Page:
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  SEO & Your Multimedia Files

 

Since the World Wide Web was “invented” (you can debate the actual “inventor” some place else, thank you) I’ve somehow been magically drawn to the idea of animation, moving graphics and multimedia in general. Sure, the ability to learn just about anything whenever you want is pretty empowering, but to enhance that material with learning aids like Flash animations, recorded video and presentations is just awesome. However for all the extra value-added benefits that multimedia content can bring to your web page the question has always remained, “Can the search engines index my Flash/multimedia content and files?”

The short answer is, “they’re working on it. And have been for some time.”

If you're a web author the general rule of thumb is to turn off javascript in your browser, then view your web page. Most of us will likely gasp at the graphical destruction of our web content, but the search engines don’t really care about that. What you want to see is what they can see, and at the top of that list is your site structure and available links. If you have a linking mechanism that is solely restricted to a Flash file (Flash menus) then you’ll need to jump through some hoops to make that content available and viewable to the search engines. This is really important to SEO; regardless of your glitzy-Javascript-Flash-applet menu systems that glow and shout or do whatever when a user interacts with them your web pages. You need a simple linking mechanism that allows users (namely a search engine spider) to link into the page and then onto the next web page in your site. And no orphans! Try to avoid those one-off pages where, perhaps you have a video file that you display as a low resolution sample on one of your web pages but contains a link to a pop up window with only the video playing in it. No good. If your web page has valuable content on it then you'll want to give that page all of the dressings of any other important web page on your site - namely adequate navigation.  This holds true with just about any other kind of multimedia file(s) you may want to use on your web page content, .avi, .mpg, and just about most all of the available plug-ins out there today.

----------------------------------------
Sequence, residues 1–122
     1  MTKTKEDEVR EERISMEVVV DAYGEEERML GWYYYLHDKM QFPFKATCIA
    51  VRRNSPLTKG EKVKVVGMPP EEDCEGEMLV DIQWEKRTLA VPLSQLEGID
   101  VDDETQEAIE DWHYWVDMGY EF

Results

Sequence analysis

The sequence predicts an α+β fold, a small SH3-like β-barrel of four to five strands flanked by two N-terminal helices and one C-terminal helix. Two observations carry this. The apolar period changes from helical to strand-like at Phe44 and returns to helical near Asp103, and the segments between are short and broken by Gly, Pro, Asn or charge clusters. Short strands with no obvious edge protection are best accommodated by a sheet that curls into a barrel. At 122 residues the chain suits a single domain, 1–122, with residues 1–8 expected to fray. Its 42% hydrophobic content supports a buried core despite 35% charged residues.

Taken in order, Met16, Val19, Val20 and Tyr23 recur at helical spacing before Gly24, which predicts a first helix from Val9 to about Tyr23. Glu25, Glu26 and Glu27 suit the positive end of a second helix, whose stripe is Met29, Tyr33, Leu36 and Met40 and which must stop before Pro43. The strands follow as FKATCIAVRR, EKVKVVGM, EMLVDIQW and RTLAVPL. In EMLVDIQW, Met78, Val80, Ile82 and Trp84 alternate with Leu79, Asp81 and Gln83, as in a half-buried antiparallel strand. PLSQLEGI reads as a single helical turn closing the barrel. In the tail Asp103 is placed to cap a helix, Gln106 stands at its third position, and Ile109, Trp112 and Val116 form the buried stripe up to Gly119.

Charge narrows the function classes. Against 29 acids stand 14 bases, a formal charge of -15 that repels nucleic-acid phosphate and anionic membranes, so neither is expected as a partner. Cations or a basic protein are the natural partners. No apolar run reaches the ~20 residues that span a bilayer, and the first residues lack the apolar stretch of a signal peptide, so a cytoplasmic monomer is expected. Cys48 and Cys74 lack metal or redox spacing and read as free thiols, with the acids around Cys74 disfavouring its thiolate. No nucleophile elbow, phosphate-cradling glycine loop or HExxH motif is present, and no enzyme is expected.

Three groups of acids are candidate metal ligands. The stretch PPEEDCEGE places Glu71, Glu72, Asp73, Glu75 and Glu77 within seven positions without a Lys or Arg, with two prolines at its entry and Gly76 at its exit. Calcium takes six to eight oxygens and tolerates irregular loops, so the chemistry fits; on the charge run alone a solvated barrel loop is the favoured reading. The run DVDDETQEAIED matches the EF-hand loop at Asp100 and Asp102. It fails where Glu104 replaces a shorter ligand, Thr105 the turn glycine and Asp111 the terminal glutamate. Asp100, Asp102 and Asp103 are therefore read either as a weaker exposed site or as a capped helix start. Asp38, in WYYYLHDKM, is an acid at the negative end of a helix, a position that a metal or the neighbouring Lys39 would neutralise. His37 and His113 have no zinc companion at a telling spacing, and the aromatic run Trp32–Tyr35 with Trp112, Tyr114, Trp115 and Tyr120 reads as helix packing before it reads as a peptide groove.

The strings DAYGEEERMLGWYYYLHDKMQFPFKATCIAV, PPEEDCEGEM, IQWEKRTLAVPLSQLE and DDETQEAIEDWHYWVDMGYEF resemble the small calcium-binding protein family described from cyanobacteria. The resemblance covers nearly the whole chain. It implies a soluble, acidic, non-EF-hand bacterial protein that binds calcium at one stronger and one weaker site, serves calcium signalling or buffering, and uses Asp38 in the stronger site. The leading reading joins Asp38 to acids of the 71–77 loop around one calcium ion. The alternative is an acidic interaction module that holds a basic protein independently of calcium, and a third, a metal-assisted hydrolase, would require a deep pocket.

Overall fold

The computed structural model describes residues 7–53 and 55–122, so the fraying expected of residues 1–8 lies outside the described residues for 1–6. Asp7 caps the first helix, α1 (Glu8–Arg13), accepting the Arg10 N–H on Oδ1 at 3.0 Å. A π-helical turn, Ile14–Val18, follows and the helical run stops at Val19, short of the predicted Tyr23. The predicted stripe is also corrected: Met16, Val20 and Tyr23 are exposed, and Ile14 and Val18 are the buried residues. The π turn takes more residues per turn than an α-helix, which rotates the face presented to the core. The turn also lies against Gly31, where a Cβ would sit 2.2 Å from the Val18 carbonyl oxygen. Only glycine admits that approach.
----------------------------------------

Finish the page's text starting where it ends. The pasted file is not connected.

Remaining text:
Adobe and Google were working on a version of the Flash player that was considerably more search engine friendly but finding any recent progress on this endeavor has proven futile (it got started back in 2008-2009 and seems to have just fallen off...) The main limitation with Flash and other rich internet applications (RIA) is that clicking and navigating around the application doesn't get tracked in the browser's history object. As a matter of fact most interaction between the RIA and the browser is usually very limited but as web browsers (and RIA) continue to evolve they appear to at least be growing aware of the limitations of RIA and the browser. A few tools have emerged to help remedy the situation, try visiting Asual.com and check out swfaddress.

So how do you get any sort of SEO mileage, let alone NOT get penalized for having multimedia content on your web pages?

Think of “Value Added”
When I implement a multimedia presentation onto a web page it's usually an extra; the main idea and copy of the page still persist and even though most folks will be able to see and enjoy the multimedia presentation I still think of it from the search bot's perspective. The copy and text should be present and perfect FIRST, then the multimedia piece serves as the value added reinforcement to the main idea of the page.

Make it Worth Viewing
Think of your multimedia file as a sidebar to your overall presentation. Augment or add additional talking points to the copy content on your page with your multimedia presentation. Try to expand and elaborate, don't be redundant.

Enhance Your Presence
Communication, without a physical effort to do so is one of the most powerful means in effect today. One of the easiest mediums to recognize this in action is a movie - a horror movie for example. The background music of a scene gives you a pretty good idea of what's about to happen to the poor girl standing in the dimly lit stairwell. Use your multimedia presentation in ways you haven't considered and you may just surprise yourself!


 


 



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